Lest you think the Discovery is a poseur vehicle, it still is based on the same boxed frame chassis as the Defender and the suspension set up on the Series I is almost identical. This means the Discovery has almost the same capabilities off road, while offering a cargo capacity somewhere between the 90 and the iconic and cavernous 110.
The Discovery was available in the U.S. from 1994-2004, giving you a broad selection of vehicles from which to choose. Of the Series I Discoveries (94-99), the best examples are the ’97, the last year the manual transmission was available, and the ’99, regarded as being the most reliable of the bunch. If you’re looking for something newer, of the Series II’s (1999-2004), the 2004 stands out as the pick of the litter. The ’04 features a 4.6L V8 which gives great power and is the only year of the Disco II’s to feature a factory center differential lock.
Starting in 2005, the LR3 replaced the Discovery II in North America. Named as the Discovery 3 everywhere else in the world, the LR3 was a significant upgrade in comfort, level of appointment and stock vehicle capabilities over its predecessor. But the vehicle also featured an upgrade in price and significant electronics.
The 80 Series Toyota Land Cruiser is one of the quintessential overland vehicles offered in North America. The 80 Series makes for a great platform due to its huge cargo capacity, reliability and relative ease of modification. All in all, it’s a great starting point for an overland vehicle.
The 80 series has a loyal following in the U.S. and a vibrant aftermarket to support it, meaning there’s a plethora of modifications available and a good knowledge base.
Available from 1991-97, the youngest example of an 80 Series is 13 years old. Despite this, low mileage and well-cared for examples can still be found for reasonable prices. With Toyota’s legendary reliability, these vehicles are less subject to wear and tear than other marques of similar vintage. If you’re thinking of picking one up, try to find a ’93 or later, as it has a much welcomed upgraded motor.
The Jeep JK Unlimited Rubicon’s spot at the top of this list is well deserved. This truck is the overland vehicle that Jeep always could have made, but never did, at least not until 2007. Starting with the JK body style, Jeep stretched their extended “Unlimited” to a 4- door long wheel base vehicle. In its Rubicon form, this vehicle features upgraded differentials, front and rear differential locks, heavier duty suspension and a whole host of other great upgrades like electronic sway-bar disconnects. Straight off the showroom floor, this is one of the most capable 4x4s ever built.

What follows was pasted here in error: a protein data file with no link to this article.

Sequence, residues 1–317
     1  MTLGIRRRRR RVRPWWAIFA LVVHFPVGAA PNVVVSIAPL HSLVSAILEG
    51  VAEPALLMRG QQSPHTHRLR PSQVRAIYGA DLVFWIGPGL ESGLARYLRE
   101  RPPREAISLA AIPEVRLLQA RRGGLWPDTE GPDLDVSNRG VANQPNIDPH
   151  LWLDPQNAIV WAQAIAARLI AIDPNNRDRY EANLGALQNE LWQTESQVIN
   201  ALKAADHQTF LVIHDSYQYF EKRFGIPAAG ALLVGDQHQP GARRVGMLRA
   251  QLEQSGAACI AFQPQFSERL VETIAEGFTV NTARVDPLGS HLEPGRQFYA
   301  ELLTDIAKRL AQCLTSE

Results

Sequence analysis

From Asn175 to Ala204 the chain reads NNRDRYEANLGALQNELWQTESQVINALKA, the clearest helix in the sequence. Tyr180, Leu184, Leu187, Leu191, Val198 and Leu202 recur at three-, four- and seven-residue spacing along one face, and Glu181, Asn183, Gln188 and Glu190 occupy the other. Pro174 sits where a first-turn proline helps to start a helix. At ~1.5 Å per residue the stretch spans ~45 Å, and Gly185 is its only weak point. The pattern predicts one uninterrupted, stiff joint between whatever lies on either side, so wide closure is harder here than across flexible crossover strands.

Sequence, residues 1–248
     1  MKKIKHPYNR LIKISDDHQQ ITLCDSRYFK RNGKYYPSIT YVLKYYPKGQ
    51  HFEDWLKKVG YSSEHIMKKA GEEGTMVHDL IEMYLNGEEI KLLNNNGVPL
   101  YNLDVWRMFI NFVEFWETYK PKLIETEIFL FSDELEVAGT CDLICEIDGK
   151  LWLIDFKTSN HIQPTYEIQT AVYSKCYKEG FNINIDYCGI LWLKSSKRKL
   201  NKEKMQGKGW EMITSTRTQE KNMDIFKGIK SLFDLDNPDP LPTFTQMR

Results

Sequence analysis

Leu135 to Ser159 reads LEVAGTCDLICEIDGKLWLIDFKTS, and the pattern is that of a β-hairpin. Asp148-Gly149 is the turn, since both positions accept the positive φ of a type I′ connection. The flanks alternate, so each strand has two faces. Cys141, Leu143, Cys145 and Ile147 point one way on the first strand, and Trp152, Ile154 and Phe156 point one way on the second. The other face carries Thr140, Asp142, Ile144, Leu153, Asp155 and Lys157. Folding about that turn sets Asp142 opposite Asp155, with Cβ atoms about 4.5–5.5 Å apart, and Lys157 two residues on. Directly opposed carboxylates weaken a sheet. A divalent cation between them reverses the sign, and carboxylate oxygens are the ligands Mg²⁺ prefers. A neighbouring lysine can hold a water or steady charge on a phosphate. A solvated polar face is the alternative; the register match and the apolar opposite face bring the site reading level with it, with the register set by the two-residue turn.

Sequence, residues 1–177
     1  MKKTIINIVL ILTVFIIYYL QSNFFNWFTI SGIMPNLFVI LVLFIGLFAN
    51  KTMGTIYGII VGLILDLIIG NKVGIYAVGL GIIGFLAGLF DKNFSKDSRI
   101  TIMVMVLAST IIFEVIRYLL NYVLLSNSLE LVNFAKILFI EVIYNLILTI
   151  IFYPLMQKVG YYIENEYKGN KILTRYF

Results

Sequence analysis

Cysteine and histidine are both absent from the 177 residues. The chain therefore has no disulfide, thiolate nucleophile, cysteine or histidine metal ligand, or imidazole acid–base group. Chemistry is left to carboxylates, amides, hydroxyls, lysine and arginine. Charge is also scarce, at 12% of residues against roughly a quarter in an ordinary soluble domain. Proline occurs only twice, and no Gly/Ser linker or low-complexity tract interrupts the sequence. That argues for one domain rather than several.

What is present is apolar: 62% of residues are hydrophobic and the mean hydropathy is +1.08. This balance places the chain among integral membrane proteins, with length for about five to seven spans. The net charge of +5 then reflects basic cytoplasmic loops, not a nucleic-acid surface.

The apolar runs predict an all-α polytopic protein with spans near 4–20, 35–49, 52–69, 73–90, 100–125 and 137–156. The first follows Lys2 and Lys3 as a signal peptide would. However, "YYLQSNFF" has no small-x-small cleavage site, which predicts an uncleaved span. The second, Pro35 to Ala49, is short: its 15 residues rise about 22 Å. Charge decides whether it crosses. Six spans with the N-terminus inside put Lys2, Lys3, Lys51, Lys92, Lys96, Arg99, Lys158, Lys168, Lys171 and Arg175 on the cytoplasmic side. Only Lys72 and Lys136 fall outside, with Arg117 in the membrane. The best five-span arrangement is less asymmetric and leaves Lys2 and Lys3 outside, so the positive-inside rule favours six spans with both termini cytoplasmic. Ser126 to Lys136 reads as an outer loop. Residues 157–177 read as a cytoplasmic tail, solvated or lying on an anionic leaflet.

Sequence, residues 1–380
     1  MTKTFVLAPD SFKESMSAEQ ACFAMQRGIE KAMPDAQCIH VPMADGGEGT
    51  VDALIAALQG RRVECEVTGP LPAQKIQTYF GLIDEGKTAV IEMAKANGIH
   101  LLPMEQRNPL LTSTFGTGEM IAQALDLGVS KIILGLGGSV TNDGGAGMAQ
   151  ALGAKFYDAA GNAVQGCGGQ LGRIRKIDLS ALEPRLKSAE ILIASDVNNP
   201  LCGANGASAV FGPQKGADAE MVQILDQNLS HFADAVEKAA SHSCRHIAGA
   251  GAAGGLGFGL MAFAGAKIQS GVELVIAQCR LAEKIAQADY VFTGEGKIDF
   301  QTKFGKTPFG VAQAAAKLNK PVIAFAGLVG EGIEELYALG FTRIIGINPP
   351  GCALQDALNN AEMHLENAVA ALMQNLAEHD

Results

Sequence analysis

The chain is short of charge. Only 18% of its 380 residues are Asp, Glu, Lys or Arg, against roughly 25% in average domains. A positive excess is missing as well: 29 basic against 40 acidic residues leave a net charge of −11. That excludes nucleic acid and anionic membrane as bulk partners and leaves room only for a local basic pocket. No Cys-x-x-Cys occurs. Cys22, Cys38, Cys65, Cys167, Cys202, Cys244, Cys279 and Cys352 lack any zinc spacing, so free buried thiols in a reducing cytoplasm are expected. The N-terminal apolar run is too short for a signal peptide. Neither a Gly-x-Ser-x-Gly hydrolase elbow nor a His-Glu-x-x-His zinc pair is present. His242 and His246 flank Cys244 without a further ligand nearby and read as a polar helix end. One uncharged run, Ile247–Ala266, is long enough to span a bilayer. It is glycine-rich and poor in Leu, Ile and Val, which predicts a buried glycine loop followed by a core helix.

Sure, the JK has a lower build quality and level of appointment than competitors like the Land Rover and Land Cruiser, but it is still a simple and beefy vehicle overall. The new V6 engine is still a bit new, and has a way to go before it gets the reputation of Jeep’s old “straight-six” engine.
Many aftermarket companies have begun to take notice of the potential of the JK platform. Lots of great aftermarket solutions for overlanding are starting to be built up from this truck including the EarthRoamer XV-JP and the Adventure Trailers Habitat.
Despite its relatively minor shortcomings, the JK Wrangler Unlimited Rubicon is an amazingly capable 4×4 that can be bought right off the showroom floor. There’s great aftermarket parts available and it comes with that classic Jeep styling. Now, if only they’d give the U.S. a CRD engine.
At the end of 2009, Toyota released an all-new 2010 model year Toyota 4Runner. In standard form, the 4Runner is a run-of-the-mill SUV. Toyota added a number of neat features to the Trail Edition which could put it in the running for an excellent overland vehicle. First, the new Kinetic Dynamic Stabilizer System, or KDSS, allows for variable handling on the vehicle, along with disconnectable sway bars. Prior to this, KDSS was only an option on Toyota’s top of the line 200 Series Land Cruiser and Land Cruiser Prado (aka Lexus GX 470). Second, the truck features Crawl Control – a throttle control system that allows for even throttle and speed in both uphill and downhill situations. In addition, the new 4Runner has an optional rear locking differential, further enhancing its capabilities off road.
That’s a lot of electronics for an overland vehicle, and time will tell whether it’s up to the task. But on paper, the new Toyota 4Runner Trail Edition is certainly worthy of consideration.